Cholesterol moves through the bloodstream and is bound to proteins called lipoproteins. Lipoproteins are made up of fat and protein, so they’re technically not cholesterol. But they carry cholesterol in the blood, and that’s how doctors measure it.
What Are High-Density Lipoprotein And Low-Density Lipoprotein?
High-density lipoprotein (HDL), often considered “good” cholesterol, takes cholesterol away from cells and transports it back to the liver for disposal.
If too much LDL hangs out in your blood without being removed by HDL, your risk of developing heart disease increases substantially.
The goal of cholesterol treatment is to lower your LDL (bad) cholesterol as much as possible while keeping your HDL (good) cholesterol at a healthy level.
Cholesterol Treatment Goals
For most people, this means:
? Lower your total blood cholesterol level to less than 200 milligrams per deciliter (mg/dL).
? Lowering your LDL cholesterol to less than 100 mg/dL.
? Raising your HDL cholesterol to 40 mg/dL or higher for patients who have low levels.
How Can Cholesterol Be Permanently Cured?
A healthy diet is the best way to lower cholesterol and maintain a healthy heart. However, there are certain things that can help you achieve this goal.
1. Eat More Fiber
Fiber can help lower cholesterol levels by reducing the amount of cholesterol absorbed from foods, according to the Mayo Clinic. Eating a diet high in fiber can reduce your risk of heart disease and stroke, says Women’s Health, US Department of Health and Human Services Office.
The recommended daily amount is 25 grams for women and men ages 31 to 50, 30 grams for men 51 to 70 years old, and 21 grams for women over 70 years old. Look for food sources that are high in soluble fiber, such as oats, beans, and peas. Soluble fiber attaches itself to bile acids in the gut and helps eliminate them from the body through your stool — which means less cholesterol absorption by your body.
Insoluble fibers like wheat bran also help reduce your risk of heart disease by lowering cholesterol levels through a different mechanism: They bulk up stools so they pass through the digestive tract more quickly, which reduces the amount of time bile acids are present in your intestines where they could be reabsorbed into your bloodstream.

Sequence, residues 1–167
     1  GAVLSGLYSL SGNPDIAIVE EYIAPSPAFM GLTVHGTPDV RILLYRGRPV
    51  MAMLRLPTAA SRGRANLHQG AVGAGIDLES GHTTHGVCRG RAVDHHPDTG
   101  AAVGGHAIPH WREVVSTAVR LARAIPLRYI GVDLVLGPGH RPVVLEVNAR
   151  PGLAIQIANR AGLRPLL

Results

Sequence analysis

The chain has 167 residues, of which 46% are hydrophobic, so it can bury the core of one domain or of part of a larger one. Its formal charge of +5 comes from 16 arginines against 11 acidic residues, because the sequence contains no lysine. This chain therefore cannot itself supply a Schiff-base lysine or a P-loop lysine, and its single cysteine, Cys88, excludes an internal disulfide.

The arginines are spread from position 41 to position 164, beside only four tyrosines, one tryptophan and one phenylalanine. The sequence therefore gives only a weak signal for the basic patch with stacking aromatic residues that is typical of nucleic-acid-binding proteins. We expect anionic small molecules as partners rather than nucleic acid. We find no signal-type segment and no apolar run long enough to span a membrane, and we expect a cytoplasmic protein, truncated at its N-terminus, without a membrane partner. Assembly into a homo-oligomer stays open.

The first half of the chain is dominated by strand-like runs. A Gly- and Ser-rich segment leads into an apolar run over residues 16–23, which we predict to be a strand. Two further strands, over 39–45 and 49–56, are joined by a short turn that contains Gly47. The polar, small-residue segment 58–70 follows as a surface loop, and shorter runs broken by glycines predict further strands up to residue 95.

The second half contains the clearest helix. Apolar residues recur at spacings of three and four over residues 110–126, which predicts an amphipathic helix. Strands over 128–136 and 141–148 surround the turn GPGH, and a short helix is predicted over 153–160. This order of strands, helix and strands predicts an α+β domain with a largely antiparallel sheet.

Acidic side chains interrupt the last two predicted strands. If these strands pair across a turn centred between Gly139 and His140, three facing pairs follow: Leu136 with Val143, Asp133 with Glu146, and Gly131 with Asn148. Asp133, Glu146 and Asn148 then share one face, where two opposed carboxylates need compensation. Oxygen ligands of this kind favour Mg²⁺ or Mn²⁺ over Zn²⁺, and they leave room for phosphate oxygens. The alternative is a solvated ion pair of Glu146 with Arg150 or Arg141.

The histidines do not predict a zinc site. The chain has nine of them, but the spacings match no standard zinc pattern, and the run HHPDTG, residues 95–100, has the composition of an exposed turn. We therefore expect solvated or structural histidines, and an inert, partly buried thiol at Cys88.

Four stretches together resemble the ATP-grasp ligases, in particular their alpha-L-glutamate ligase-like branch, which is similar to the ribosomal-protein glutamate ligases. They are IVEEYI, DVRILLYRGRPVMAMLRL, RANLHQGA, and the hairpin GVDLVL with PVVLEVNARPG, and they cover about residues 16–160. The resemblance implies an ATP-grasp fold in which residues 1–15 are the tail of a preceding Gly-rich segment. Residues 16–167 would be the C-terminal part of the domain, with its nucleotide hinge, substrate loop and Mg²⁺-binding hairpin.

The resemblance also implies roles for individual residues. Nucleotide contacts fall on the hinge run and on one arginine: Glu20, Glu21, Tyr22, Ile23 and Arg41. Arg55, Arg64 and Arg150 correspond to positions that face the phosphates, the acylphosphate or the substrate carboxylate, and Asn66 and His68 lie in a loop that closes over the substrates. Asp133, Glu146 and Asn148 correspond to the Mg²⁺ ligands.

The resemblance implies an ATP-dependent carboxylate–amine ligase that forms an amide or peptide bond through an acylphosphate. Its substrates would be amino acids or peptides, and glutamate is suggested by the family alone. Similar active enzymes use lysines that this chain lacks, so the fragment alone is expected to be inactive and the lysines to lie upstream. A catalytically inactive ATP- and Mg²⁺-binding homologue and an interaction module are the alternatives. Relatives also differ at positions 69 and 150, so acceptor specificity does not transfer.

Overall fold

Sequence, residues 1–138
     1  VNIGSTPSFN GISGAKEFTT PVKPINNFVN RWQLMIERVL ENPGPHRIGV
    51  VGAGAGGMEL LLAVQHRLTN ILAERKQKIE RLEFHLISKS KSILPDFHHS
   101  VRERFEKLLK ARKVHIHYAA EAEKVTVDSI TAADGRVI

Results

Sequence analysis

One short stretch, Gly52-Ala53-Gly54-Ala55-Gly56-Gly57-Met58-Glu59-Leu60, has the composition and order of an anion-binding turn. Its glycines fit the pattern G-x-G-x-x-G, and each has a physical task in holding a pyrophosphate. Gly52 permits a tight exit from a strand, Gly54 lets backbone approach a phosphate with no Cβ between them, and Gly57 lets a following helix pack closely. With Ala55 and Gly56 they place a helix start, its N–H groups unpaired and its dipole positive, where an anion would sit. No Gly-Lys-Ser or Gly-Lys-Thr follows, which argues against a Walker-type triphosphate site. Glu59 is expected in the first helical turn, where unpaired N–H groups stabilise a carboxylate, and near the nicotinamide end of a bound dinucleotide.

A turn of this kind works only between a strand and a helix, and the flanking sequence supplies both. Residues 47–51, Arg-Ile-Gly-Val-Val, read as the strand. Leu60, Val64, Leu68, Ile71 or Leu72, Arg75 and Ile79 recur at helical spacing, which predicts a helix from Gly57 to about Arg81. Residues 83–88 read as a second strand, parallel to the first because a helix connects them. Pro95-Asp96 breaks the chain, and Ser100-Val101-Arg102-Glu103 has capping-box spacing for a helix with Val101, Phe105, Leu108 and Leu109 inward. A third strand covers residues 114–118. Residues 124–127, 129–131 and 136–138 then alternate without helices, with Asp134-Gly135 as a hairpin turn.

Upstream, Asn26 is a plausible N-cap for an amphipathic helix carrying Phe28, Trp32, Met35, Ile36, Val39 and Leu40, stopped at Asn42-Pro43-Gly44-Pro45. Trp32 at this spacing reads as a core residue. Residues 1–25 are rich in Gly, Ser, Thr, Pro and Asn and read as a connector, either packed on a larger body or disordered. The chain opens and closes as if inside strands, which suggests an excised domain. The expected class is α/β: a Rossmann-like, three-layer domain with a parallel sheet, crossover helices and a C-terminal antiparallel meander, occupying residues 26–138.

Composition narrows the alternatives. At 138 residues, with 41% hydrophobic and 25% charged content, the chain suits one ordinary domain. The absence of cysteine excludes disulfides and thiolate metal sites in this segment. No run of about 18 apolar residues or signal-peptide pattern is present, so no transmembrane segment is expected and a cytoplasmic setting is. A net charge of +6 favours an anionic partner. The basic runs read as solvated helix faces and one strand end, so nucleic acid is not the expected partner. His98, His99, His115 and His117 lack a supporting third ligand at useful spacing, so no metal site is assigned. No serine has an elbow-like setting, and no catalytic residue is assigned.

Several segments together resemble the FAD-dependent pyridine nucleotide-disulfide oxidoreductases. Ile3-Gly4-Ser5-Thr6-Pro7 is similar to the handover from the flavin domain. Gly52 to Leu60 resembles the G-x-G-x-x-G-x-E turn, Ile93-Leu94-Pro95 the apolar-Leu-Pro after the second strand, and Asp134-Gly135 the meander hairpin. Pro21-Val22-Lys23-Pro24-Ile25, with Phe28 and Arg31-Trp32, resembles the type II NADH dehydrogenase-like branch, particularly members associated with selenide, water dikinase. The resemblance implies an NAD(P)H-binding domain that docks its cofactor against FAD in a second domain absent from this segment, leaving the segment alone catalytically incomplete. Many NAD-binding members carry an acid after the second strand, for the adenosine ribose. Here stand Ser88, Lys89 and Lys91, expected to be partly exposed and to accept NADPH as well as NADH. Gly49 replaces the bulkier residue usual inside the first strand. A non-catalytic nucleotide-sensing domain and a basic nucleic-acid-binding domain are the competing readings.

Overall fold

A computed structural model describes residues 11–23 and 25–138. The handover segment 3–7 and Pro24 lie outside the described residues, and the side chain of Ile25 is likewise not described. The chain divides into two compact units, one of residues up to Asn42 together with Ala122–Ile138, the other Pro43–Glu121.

2. Get More Sleep
Getting less than seven hours of sleep per night raises your risk of heart disease and stroke by about 30 percent, according to the National Sleep Foundation (NSF). You’ll also see better mood stability and cognitive performance when you get enough rest each night.
3. Get Your Vitamin D Level Checked
The next thing you should do is get your vitamin D level checked. This will help you determine whether or not you need to increase your intake of this vitamin. If your levels are low, then increasing them will help reduce your risk of heart disease and other cardiovascular issues.
4. Exercise Regularly
Exercise is another important factor when it comes to lowering cholesterol levels. It helps increase HDL (good) cholesterol while reducing LDL (bad) cholesterol, which is responsible for plaque buildup in the arteries and clogging them up. A combination of aerobic activity such as jogging or running (at least three times per week) and strength training two days a week is ideal for lowering your risk of heart disease, high blood pressure, and diabetes.
5. Cut Back On Refined Carbs
If you eat too many refined carbohydrates — white bread and pasta — your body will produce more insulin than normal after meals. This can cause your blood sugar levels to spike, which in turn increases both triglycerides and overall cholesterol levels (although triglycerides tend to be more harmful than LDL).
6. Lose Weight if You’re Overweight Or Obese
Losing weight is a healthy way to reduce your risk of developing heart disease and stroke. Studies show that being overweight or obese increases your risk of developing high cholesterol and its complications. The National Heart, Lung, and Blood Institute recommend losing 5 to 10 percent of your body weight if you are overweight or obese (i.e., if your body mass index [BMI] is 25 or greater).
7. Avoid Trans FatsTrans fats raise bad cholesterol (LDL) levels while lowering good cholesterol (HDL). They are found in processed foods like cookies and cakes, as well as fried foods like french fries and doughnuts. Look for foods that have 0 grams of trans fats per serving on their nutrition labels — although even small amounts can add up over time.
The best way to treat high cholesterol is to prevent it from happening in the first place. But if you already have high cholesterol or are at high risk, there are two medications available that can help lower your levels.
Statins: These drugs lower LDL (bad) cholesterol and raise HDL (good) cholesterol. They’re often prescribed after other medications haven’t worked well enough to bring down your LDL levels. They may cause muscle pain and weakness, but these side effects can usually be managed with other medications.
Fabric acid derivatives: These drugs reduce triglyceride levels by reducing the production of triglycerides in your liver and increasing their breakdown into smaller particles that are easier for your body to excrete.
They also increase HDL cholesterol levels and may lower blood pressure by relaxing blood vessels so they don’t have to work as hard to pump blood through them.